Angela McQuillan is the Curator of the Science Center’s Esther Klein Gallery. With both scientific and artistic backgrounds, Angela spent 10 years working as a research scientist before pursuing an artistic career. With a specific focus in biology, she is well versed in the technical aspects of scientific discourse as well as the creative side of art and exhibition making, and has curated over 25 art exhibitions to date.
Mina Zarfsaz is an interdisciplinary artist, designer and system thinker who works across the fields of art, philosophy, digital technology, and design. She has worked for a diverse range of organizations and educational institutions in different capacities, from an educator, a mentor, to a curriculum designer and R&D coordinator. She has also been engaged with the MixLab's research in the field of Innovation Design at the Feliciano Center for Entrepreneurship of Montclair State University for over two years. Zarfsaz currently lives and works in Philadelphia, Pennsylvania, and holds teaching appointments at Temple University, and Moore College of Art and Design.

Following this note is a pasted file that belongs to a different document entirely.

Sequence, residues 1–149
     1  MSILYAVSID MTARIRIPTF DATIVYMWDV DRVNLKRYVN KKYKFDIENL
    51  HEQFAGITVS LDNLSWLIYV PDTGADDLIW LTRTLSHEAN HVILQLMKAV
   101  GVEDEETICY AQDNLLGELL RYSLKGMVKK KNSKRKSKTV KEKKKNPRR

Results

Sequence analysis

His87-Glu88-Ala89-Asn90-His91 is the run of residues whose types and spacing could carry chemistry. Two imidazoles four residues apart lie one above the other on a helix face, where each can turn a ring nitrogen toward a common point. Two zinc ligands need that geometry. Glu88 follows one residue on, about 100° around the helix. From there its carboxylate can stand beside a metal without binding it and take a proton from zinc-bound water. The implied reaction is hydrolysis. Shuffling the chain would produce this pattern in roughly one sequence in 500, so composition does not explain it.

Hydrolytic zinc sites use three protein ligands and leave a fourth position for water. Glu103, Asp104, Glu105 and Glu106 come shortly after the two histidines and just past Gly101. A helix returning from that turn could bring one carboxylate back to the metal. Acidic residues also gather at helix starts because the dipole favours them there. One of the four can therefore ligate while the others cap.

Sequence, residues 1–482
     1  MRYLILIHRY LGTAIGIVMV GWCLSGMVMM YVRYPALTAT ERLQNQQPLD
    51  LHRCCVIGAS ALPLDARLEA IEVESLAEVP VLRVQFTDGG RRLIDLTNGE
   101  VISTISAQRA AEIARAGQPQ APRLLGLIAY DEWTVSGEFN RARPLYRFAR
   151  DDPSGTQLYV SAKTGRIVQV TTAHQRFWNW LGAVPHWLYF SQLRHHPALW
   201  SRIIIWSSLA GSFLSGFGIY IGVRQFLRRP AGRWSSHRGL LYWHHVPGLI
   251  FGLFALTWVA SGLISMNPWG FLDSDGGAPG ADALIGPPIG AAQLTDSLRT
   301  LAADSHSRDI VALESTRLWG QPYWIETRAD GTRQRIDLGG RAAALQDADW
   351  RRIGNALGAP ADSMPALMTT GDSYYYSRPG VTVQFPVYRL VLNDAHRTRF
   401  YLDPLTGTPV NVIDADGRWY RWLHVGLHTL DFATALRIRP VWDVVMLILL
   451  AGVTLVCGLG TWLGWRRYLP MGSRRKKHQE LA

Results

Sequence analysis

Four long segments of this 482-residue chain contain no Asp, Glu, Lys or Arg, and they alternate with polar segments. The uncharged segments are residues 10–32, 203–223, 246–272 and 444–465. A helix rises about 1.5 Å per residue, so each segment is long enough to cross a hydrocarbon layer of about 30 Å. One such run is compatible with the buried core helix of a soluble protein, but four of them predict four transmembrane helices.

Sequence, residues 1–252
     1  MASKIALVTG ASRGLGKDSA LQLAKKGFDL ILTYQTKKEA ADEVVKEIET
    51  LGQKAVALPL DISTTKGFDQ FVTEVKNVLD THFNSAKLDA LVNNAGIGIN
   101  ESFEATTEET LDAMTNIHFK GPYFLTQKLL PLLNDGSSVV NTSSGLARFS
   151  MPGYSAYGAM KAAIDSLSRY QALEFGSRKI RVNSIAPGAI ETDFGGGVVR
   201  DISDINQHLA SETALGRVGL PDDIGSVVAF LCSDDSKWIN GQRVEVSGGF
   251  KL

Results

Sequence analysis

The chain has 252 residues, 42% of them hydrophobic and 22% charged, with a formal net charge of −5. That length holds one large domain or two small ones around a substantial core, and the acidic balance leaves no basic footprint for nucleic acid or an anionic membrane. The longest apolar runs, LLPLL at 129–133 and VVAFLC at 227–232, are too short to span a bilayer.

President & CEO, Integral Molecular
Ben Doranz is President and CEO of Integral Molecular. Dr. Doranz co-founded the company in 2001 and has led all aspects of the company’s growth since its inception, bringing three different technologies from research to market and growing the company into a profitable commercial entity. He is an inventor on six of the company’s patents, the principal investigator on over 20 NIH grants, and an author on over 50 publications, including articles published in Cell, Science, and Nature.
Dr. Doranz is an established life science entrepreneur previously responsible for directing the biotechnology program at the Port of Technology business incubator in Philadelphia and helping create startups at the Center for Technology Transfer at the University of Pennsylvania.
David Clayton is the Director of FirstHand, a STEAM education program at the Science Center, where he leads the development and implementation of community and youth outreach programs. David joined the Science Center in 2008 as the curator for the Esther Klein Gallery and initiated the arts, technology and science community outreach program that has since grown into FirstHand. He has curated over 20 different interactive exhibitions showcasing data visualization, augmented reality, robotics, video-game hacking and 3D printing. He also co-curates the Ignite Philly speaker series.